• if duty obeyed, lack of restriction irrelevant --> disposition and overreaching occur
  • pre-2002 law if duty breached
    • disposition took effect but sometimes without overreaching 
    • HL in Williams & Glyn's Bank v Boland --> overreaching blocked by a breach of the 2 trustee rule --> unclear whether other improprieties blocked overreaching in this way
  • 2002 onwards
    • s26 LRA 2002 --> duty unprotected by a restriction is tob e treated vis-a-vis disponee as if it never existed --> disposition and overreaching occur
    • possible exception --> breach of 2 trsutee rule --> possible taht pre-2002 rule continues to apply
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Overreaching (3)

  • Wording of s26 gives little or no support to view taht it does not apply to breaches of two trustee rule
  • ought such breaches reamin outside s26?
    • arguably so
    • breaches of 2 trustee rule are different
    • not only does this rule apply to nearly every disposition of trust land, but a breach of it will also be obvious to disponee
    • disponee, aware of beneficial interest itself, can also anticipate the risk fo being bound by it, and act to avert this risk --> additional protection of s26 unnecessary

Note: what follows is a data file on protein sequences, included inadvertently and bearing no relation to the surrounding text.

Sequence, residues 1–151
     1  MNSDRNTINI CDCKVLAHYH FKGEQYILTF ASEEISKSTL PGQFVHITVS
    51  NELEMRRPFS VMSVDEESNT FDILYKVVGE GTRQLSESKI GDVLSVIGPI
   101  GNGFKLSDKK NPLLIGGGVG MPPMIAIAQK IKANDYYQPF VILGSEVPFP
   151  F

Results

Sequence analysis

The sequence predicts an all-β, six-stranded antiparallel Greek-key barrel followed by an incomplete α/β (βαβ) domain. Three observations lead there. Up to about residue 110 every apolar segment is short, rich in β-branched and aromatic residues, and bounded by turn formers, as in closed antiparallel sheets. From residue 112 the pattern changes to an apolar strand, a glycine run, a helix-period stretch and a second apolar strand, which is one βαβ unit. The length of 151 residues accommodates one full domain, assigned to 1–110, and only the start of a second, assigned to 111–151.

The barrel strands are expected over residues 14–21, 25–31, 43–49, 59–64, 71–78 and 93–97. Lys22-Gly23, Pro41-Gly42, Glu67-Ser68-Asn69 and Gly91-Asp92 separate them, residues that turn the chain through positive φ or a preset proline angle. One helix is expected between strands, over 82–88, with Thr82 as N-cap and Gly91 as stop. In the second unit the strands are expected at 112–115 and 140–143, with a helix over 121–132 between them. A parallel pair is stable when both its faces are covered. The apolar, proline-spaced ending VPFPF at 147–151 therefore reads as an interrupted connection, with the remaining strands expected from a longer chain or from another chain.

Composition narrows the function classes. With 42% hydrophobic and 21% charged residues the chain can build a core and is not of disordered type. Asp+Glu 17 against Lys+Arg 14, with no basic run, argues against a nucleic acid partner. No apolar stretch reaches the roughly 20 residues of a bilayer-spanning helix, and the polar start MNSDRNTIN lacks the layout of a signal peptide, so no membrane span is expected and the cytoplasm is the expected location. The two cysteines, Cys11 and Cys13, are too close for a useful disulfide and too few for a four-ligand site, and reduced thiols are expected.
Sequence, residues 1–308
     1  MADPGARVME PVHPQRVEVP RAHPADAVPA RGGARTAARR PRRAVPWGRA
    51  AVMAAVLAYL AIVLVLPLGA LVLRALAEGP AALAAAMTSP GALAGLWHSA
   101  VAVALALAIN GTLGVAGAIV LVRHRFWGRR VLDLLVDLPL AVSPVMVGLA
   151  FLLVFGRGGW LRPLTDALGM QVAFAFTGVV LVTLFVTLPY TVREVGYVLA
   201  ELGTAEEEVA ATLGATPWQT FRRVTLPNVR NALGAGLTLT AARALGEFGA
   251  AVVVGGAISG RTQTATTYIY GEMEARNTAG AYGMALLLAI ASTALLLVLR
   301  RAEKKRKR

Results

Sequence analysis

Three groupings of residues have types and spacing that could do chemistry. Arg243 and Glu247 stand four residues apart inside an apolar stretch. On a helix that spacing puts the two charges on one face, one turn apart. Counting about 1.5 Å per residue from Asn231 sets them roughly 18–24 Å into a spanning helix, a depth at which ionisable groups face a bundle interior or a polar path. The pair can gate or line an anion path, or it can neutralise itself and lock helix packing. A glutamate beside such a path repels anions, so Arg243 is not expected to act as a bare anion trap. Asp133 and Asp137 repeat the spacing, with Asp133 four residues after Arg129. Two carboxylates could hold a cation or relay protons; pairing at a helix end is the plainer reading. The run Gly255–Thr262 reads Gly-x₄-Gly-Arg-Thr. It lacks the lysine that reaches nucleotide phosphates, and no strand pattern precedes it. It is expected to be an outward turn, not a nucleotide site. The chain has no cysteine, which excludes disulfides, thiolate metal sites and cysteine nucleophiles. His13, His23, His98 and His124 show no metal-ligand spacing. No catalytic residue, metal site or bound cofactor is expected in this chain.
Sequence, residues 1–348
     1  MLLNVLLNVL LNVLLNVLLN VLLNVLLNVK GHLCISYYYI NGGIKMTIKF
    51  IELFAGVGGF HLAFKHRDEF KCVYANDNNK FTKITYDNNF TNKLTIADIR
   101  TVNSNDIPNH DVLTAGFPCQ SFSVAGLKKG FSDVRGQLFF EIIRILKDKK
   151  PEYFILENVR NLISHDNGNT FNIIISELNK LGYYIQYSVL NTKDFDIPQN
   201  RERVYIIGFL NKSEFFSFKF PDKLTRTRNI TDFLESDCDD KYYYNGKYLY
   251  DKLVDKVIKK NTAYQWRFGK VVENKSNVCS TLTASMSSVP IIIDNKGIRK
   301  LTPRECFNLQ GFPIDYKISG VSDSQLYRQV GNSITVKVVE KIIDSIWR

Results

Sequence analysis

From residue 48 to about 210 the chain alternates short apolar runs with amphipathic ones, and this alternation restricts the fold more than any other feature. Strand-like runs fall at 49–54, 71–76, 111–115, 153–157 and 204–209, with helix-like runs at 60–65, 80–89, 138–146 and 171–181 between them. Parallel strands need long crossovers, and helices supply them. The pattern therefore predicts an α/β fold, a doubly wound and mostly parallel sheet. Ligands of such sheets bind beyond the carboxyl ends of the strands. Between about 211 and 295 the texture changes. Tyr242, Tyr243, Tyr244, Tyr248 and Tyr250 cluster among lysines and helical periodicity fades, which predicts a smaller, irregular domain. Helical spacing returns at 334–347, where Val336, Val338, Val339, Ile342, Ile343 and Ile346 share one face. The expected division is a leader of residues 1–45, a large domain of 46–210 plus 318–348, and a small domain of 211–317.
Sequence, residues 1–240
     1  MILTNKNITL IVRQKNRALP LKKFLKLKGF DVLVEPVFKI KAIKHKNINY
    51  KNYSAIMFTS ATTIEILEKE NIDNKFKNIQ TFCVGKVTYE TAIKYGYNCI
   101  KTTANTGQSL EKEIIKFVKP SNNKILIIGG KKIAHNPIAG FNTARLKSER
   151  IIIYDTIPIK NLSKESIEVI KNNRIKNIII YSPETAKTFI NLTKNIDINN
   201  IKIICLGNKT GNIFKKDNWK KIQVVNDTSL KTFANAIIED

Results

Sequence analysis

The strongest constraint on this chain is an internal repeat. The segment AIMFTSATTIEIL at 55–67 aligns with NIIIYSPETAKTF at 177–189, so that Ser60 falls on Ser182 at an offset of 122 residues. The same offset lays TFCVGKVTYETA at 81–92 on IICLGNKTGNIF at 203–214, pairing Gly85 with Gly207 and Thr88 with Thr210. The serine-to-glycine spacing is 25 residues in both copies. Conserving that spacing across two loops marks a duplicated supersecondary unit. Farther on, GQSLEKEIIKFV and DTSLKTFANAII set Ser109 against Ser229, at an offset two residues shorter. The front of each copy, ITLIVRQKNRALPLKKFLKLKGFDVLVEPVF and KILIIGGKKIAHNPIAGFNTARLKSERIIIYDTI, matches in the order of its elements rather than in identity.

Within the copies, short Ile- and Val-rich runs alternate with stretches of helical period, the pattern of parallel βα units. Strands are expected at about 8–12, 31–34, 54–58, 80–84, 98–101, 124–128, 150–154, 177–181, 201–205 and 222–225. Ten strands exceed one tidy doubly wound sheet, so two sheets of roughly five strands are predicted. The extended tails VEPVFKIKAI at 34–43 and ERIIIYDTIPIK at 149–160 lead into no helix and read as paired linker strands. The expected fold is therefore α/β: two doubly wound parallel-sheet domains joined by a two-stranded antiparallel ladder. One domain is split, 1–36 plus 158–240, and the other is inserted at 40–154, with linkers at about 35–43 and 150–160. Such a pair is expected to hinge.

• also inappropriate --> if disponee can antiicpate the impropriety in this way it is right to expect him to play his part in averting it, for the sake of the beneficiary whom the duty exists to protect
  • why do we need s26 to ensure that disponee can anticipate difficulty over an impropriety?
    • under pre-2002 rule even if impropriety meant beneficial interest not overreached, it did not actuall bind disponee unless B in actual and apparent occupation --> surely this alerted siponee of potential prob?
    • no --> disponee could discover B's occupation and so his interest but this did not alert disponee tor isk of an impropriety and so risk of that interest actually binding him
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Binding disponees

Unovereached beneficial rights as overriding interests --> only if beneficiary in actual and apparent occupatio of trust land when trustees dispose of it

Consent principle --> if right is capable of binding a disponee it still might not if the holder of that right has consented to it not doing so --> postpone by consent --> Bristol and West Building Soc v Henning
- implied consent where disponor and B are closely linked e..g constructive trust of home cases
- express consent is routinely sought

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TOLATA provisions